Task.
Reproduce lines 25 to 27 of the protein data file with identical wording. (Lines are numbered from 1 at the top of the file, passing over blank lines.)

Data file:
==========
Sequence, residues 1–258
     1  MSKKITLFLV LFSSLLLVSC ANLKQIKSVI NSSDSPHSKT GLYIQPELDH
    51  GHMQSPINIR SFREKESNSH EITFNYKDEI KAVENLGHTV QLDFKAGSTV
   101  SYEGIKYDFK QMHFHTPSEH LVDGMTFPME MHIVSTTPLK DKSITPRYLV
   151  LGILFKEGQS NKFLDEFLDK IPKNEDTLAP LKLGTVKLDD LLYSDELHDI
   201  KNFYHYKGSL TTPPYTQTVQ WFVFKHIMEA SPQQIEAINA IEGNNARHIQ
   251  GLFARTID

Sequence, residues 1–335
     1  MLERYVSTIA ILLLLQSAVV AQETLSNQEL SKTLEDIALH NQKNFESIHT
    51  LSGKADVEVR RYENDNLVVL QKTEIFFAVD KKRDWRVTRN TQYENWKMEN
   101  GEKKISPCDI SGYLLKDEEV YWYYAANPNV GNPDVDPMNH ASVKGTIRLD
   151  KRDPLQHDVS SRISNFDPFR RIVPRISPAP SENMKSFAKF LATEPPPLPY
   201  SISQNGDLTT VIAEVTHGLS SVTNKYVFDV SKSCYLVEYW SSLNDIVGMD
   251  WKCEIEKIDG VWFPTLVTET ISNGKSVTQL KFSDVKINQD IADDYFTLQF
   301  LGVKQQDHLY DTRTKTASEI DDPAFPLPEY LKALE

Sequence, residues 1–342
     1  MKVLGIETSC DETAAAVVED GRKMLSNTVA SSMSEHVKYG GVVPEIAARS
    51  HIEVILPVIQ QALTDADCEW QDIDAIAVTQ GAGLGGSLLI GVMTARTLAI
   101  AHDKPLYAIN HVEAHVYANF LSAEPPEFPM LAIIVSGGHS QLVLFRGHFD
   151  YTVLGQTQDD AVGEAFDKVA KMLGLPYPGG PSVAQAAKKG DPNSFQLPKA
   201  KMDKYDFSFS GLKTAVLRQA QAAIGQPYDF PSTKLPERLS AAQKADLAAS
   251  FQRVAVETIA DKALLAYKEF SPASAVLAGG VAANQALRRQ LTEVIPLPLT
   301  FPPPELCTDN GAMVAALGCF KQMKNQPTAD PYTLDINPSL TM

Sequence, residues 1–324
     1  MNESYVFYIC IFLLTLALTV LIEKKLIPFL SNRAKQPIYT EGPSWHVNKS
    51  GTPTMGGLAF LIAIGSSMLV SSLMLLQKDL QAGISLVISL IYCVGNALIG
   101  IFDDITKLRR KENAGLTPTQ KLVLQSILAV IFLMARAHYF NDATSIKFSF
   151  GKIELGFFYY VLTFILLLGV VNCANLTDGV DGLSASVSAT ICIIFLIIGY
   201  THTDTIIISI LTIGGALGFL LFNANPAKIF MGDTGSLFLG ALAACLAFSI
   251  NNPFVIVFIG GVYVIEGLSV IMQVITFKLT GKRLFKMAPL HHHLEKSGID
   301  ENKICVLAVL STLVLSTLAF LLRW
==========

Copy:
     1  MNESYVFYIC IFLLTLALTV LIEKKLIPFL SNRAKQPIYT EGPSWHVNKS
    51  GTPTMGGLAF LIAIGSSMLV SSLMLLQKDL QAGISLVISL IYCVGNALIG
   101  IFDDITKLRR KENAGLTPTQ KLVLQSILAV IFLMARAHYF NDATSIKFSF